Ann Coulter’s recent article “America’s Favorite National Pastime: Hating Soccer” is two things. First, it is an example of that shrill uncouthness that Europeans like to attribute to Americans, an obnoxious boorishness that is typical behavior for those jerks, which are the subject of Dr. Fleming’s numerous articles. Second, it is an exaggerated illustration of someone writing about a topic she has no idea about.

All of Coulter’s arguments against soccer are easily demolished. First, she argues that “individual achievement is not a big factor in soccer” unlike in “real sports” like baseball, football, and basketball. Obviously, she has not seen too many (any?) soccer games. Soccer is all about individual achievement: scoring goals, missing penalties, deflecting shots – all of these things are done by individual players. Yes, teamwork does matter, as it should. After all, soccer is a team sport.

Ann Coulter’s laughable cluelessness is further demonstrated by the following assertion about soccer:

There are no heroes, no losers, no accountability

Really, now? How about Jermaine Jones’ stunning equalizer in the group stage game against Cristiano Ronaldo-led Portugal, which kept the American team alive – was he not a “hero” in sports terms? And how about Uruguay’s star forward Luis Suarez’s infamous bite, which got Suarez thrown out of the World Cup and resulted in Uruguay’s loss to Colombia? Was Suarez not both a loser and a villain who was held accountable?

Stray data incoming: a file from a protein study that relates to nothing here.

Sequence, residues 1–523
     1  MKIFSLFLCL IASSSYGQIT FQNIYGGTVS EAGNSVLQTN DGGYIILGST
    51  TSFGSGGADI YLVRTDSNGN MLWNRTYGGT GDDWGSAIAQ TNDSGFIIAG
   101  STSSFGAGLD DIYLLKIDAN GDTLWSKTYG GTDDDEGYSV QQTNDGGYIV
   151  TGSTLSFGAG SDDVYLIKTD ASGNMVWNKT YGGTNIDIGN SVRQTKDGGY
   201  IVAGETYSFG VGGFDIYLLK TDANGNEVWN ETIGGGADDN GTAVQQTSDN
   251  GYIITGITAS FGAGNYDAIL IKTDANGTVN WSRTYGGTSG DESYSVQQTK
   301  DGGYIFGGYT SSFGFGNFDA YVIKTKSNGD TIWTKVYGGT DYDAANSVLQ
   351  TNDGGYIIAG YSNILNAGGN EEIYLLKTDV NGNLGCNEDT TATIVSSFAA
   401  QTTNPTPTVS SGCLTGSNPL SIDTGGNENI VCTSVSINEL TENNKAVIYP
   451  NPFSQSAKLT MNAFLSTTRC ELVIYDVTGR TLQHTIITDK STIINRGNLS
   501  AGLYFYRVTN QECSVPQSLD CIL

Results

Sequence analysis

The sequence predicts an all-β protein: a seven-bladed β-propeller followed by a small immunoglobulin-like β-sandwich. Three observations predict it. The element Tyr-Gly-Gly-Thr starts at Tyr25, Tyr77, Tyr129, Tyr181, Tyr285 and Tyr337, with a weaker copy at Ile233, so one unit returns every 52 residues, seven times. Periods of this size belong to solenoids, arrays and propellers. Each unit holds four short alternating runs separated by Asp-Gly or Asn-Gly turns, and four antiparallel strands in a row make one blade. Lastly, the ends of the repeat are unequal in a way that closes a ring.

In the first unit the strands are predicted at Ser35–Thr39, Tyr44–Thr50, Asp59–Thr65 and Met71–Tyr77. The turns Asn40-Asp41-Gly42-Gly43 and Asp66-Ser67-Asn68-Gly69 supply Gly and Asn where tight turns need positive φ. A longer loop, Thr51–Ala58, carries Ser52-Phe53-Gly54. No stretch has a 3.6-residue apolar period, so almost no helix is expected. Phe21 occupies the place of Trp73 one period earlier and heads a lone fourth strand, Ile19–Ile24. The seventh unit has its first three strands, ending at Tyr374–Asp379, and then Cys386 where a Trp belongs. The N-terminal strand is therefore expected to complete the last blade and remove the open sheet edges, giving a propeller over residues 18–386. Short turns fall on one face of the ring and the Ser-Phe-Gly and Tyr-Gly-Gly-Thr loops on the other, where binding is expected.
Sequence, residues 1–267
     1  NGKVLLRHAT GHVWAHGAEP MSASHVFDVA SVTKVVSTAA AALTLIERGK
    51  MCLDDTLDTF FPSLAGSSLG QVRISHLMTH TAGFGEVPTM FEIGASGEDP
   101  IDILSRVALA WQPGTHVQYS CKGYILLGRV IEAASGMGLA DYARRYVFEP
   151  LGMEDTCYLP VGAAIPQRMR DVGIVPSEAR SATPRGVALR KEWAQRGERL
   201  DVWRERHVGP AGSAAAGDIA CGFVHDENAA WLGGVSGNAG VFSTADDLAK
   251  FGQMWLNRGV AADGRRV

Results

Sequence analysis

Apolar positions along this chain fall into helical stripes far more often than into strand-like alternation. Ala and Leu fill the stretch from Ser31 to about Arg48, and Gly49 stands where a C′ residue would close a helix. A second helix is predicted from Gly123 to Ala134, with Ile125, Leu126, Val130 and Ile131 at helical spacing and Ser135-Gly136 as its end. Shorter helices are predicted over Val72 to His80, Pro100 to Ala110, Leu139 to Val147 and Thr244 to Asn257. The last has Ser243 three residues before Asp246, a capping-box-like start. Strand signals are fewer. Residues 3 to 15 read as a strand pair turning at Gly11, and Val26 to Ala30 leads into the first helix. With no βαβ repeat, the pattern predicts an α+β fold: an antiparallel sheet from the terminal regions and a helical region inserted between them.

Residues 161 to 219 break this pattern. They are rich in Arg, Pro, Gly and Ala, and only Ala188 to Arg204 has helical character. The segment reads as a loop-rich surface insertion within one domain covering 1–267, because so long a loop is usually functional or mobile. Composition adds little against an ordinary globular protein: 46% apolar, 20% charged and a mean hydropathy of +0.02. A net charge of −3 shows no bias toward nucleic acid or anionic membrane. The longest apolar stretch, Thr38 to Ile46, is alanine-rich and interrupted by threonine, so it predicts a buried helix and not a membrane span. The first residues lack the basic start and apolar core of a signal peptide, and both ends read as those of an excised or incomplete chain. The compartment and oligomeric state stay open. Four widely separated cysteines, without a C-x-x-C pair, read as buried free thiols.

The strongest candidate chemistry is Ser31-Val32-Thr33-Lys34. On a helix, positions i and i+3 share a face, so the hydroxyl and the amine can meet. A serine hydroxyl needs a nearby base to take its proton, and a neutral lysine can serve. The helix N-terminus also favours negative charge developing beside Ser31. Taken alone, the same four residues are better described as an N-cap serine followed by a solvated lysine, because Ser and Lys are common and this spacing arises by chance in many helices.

How about this other Coulter gem about the beautiful game:

Everyone just runs up and down the field and, every once in a while, a ball accidentally goes in. That’s when we’re supposed to go wild. I’m already asleep.

By accident? Even a child should not be this ignorant about soccer. As for going to sleep, do not the replays after every football play and the sheer slow, sleep-inducing nature of baseball make a soccer match a nail-biting experience in comparison? After all, what is baseball’s or football’s equivalent to the adrenaline-fueled penalty shootout? 

Then there is the assertion that “[t]he prospect of either personal humiliation or major injury is required to count as a sport”, implying that soccer is not a “real” sport because of the absence of these crucial factors. What could be more humiliating than missing a penalty shot or being send off of the pitch – events that lead to your team’s defeat or elimination.  And who can forget the story of Colombian player Andres Escobar who was murdered a mere five days after deflecting a shot into his team’s own goal at the 1994 World Cup. Apparently, Ann Coulter is so blinded by her anti-soccer rage that she completely forgot about that episode.

Overall, Coulter’s raving attack on soccer is the kind of thing that makes America and the American Right (whatever is left of it) look like a bunch of shrill, clueless, obnoxious loonies. Calling a sport or its fans names is childish and silly. I hope that Ann Coulter, who makes good points on many other issues will not be remembered for her shabby column about soccer.